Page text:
Royal wedding last weekend. Most of my friends on Facebook are pinky - or possibly scarlet - liberals and would have nothing to do with it but when I dared to say I was watching it a few came out of the closet and admitted they would too.

The bride looked gorgeous and so happy. The groom looked terrified. I loved Mike Tindall stroking his wife's pregnant belly. And David Beckham so jolly and smiley. Surprised to see one the York girls in crimplene. Hadn't realised it had made a comeback. The York girls. Hm, now there's a dynasty brewing that could challenge for the monarchy. Were we living a few centuries ago.

Music-wise apart from Stand By Me and Bread of Heaven it was rather drab I felt. Not quite cheery enough for a wedding. I understand a lot of it was suggested by Prince Charles. I assume the congregation was under strict instructions not to join in with Stand By Me but they could have at least jiggled. Or looked as if they were enjoying it. 

But a beautiful day for a couple who seem very happy together.

the lies they tell us

1. That women can multi-task. I left the kitchen for a moment to look at something on the computer and I burned my bacon.
Which leads to point 2. That things don't stick to (or burn on) non-stick pans.

Either a dead mouse or dog poo

We're strolling across the tip when I spot something. 'Look, a dead creature,' I say to Husband.
'Is it?' he says doubtfully.
'Yes, a mouse I think.' I look more closely. 'Or possibly a bird.'
I peer again. 'Or it might be a bit of tree. Or dog poo.'

Back in the real world the wild roses have started to bloom on the tip. I've said this before but I will say it again, 'I wish you could smell them.' Is there anything as sweet as the scent of a wild rose?
wild rose

dandelion clock

Little snippets

Daughter messages me to say they can't come to a barbecue because they're going to see unicorns.
'Unicorns?' I say.
I tell Husband. 'Oh yes,' he says knowingly.
I tell Younger Son. 'Oh yes,' he says.

How does everyone except me know about the unicorns?

Husband mentions that Amy's house suffered flooding. 'I didn't know that,' I say.
Husband says, 'Elder Son told us.'
'I must have missed that conversation. I was probably playing with children.'
'You're better at talking to children than to adults,' Husband says.

That's probably why I never know what's going on.

* * * * * * * * *
A homeless man in Zac's commented on my good tan. If a homeless man comments it must be getting good. Either that or he's just more used to my normal deathly pallor.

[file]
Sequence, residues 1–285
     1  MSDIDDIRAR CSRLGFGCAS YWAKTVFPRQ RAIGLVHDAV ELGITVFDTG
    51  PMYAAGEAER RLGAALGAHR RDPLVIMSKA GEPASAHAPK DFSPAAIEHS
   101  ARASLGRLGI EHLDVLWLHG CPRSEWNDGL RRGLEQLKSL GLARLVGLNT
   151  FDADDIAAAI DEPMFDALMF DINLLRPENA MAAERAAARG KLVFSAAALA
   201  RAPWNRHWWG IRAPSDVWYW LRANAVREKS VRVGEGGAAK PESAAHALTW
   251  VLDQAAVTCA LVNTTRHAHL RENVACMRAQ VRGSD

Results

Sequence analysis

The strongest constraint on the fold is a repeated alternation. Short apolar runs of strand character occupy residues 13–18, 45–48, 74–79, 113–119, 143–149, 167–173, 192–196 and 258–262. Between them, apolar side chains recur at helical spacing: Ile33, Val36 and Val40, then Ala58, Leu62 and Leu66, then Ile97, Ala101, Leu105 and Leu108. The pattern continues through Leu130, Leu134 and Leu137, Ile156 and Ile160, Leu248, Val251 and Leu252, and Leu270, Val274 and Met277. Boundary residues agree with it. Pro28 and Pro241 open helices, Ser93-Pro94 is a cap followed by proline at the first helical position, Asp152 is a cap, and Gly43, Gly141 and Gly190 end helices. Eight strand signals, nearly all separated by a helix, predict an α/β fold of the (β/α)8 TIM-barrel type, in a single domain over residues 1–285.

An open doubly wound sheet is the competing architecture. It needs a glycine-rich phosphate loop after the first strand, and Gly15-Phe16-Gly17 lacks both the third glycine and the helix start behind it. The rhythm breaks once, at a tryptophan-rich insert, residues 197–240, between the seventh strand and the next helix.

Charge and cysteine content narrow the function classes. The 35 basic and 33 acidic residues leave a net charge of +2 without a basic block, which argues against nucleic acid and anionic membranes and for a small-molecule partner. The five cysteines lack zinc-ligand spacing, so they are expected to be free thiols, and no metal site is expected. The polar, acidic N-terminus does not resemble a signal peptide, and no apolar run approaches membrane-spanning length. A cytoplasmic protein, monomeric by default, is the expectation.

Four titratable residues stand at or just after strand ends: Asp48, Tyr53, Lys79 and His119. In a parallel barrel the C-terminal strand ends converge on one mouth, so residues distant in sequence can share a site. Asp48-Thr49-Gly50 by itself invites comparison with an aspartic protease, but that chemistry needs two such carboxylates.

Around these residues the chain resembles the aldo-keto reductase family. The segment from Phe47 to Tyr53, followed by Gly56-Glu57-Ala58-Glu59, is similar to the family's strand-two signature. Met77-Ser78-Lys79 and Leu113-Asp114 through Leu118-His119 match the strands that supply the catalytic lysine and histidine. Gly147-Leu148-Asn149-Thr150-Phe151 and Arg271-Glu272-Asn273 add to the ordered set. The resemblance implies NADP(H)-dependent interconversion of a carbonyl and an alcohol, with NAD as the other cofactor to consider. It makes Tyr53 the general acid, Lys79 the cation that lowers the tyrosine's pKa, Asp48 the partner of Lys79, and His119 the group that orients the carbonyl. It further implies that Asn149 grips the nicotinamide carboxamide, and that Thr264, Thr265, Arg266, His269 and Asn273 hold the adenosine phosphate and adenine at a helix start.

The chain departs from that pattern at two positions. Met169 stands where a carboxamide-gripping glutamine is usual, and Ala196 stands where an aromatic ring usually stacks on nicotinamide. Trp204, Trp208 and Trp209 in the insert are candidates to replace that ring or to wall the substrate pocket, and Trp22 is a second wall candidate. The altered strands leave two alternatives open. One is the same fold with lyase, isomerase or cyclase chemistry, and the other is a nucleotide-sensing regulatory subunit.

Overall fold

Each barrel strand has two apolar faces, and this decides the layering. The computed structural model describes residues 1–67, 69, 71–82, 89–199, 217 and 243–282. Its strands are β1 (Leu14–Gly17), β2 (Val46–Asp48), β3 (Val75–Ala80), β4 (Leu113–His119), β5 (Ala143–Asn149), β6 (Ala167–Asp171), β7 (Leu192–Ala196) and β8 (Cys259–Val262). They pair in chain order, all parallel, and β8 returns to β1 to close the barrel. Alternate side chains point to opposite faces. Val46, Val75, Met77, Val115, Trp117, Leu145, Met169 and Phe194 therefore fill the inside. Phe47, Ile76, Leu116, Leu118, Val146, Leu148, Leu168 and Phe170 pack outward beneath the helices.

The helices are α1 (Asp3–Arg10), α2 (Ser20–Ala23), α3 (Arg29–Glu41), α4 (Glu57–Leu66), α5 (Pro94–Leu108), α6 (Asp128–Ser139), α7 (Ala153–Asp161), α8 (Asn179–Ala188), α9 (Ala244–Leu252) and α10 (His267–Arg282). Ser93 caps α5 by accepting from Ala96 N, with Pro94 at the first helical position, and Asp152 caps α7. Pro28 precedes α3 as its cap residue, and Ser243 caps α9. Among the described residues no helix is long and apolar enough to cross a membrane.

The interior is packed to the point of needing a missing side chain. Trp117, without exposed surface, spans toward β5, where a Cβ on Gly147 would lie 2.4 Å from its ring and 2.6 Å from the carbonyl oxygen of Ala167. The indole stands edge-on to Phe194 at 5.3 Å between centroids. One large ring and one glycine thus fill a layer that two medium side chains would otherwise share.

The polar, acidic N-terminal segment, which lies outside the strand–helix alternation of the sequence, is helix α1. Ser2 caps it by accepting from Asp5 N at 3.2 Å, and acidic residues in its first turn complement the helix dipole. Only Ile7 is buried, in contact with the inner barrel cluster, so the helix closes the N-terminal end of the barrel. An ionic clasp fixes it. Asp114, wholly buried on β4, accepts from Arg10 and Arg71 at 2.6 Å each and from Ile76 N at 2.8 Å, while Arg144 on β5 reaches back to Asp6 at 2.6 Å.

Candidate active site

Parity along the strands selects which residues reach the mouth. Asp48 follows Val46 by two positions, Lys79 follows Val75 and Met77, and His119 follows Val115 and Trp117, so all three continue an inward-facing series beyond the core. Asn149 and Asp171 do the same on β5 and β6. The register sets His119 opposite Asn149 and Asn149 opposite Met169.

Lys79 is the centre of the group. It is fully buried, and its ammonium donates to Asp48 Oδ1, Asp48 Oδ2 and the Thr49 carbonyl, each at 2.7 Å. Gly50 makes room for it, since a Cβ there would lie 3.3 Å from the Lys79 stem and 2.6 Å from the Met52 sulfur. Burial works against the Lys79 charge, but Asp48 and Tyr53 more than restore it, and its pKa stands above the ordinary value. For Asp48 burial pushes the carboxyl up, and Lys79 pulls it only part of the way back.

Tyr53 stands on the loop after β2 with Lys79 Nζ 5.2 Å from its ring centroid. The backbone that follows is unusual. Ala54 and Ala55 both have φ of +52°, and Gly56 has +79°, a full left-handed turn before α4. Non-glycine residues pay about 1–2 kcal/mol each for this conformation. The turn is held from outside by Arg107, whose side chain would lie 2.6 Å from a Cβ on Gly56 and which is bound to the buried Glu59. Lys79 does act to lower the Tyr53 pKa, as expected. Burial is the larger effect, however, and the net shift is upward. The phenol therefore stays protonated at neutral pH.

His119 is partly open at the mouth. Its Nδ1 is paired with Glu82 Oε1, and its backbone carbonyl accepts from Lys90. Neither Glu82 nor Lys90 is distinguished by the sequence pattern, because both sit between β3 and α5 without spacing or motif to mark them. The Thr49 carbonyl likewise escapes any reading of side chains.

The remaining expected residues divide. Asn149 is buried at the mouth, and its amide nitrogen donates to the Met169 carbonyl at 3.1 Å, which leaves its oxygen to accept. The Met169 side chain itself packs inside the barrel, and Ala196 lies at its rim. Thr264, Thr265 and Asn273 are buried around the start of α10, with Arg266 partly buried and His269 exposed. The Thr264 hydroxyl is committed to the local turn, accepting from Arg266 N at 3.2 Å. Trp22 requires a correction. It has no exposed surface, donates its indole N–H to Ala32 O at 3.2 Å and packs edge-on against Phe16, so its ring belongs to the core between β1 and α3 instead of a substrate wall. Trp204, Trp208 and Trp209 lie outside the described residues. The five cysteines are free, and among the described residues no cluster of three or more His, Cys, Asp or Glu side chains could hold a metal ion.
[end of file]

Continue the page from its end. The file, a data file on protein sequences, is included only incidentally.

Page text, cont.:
* * * * * * * * *
Checking the meaning of pallor (paleness) in the dictionary I came across the word, shigella. What a pretty word, I thought. Then I read the meaning. A rod-shaped bacterium in particular one that causes dysentery.

That doesn't stop it being a pretty word though. As Shakespeare said, 'A rose by any other name would smell as sweet.' (Okay, not entirely sure that's apt here but you get my gist.)

* * * * * * * * *
Radio One biggest weekend swansea
Our brief heatwave aka summer has been replaced today by grey clouds. Thunder is forecast for the weekend, which is coincidentally Radio One's Big Weekend, which brings stars including Ed Sheeran to the city. (He, Taylor Swift - who is a women despite her name - and George Ezra are the only ones I've heard of.) Fifty thousand people are attending. And it's a bank holiday giving us good reason to stock up with food and settle ourselves in the house/garden for the weekend.

Tuesday, May 22, 2018

She would have been 97 today

It would have been my mother's 97th birthday today. I feel I should write something but on searching my blog I find I've already written plenty. Here's a link to one post that says most of what I would say.

However it is perhaps a good moment to encourage you - it's too late for me after all - to appreciate your parents and show them how much they mean to you.

My mother died about ten days after her first stroke but for that time in hospital didn't know me. It was too late then to sit at her bedside and tell her I loved her or ask her about how she'd felt when she had me or any of the other hundreds of questions I still have.

My mum, great-gran, gran and me: four generations living in the same house.

Feeling proud

I repaired the hoover!

Perhaps that sounds as though I did a bit more than I did but, on the other hand, it wasn't working and now it is, therefore I repaired it. Yes?

It was easy once I stopped trying to emulate Husband i.e. unscrewing everything in sight, poking it, and forcing bits apart, and instead consulted the manual. And the problem? George hair of course, blocking the tube.

Whence compassion?

Bloom is part of Linden Church, run by Rachel to support asylum seekers and refugees. About once a month Bloom takes over Red Cafe, a local coffee shop, and asylum seekers prepare a meal traditional from their country. For one reason or another we've missed Syrian, Sri Lankan and Iranian meals but we finally made it to the Pakistani meal last Saturday.

For starters we had wild garlic and potato soup. This was made by the Italian chef so possibly not entirely Pakistani in origin but very nice.
Then we had a dish made up of lots of tasters: chicken, lamb, vegetables, rice and sauces.
Delicious, as you can see from my empty plate.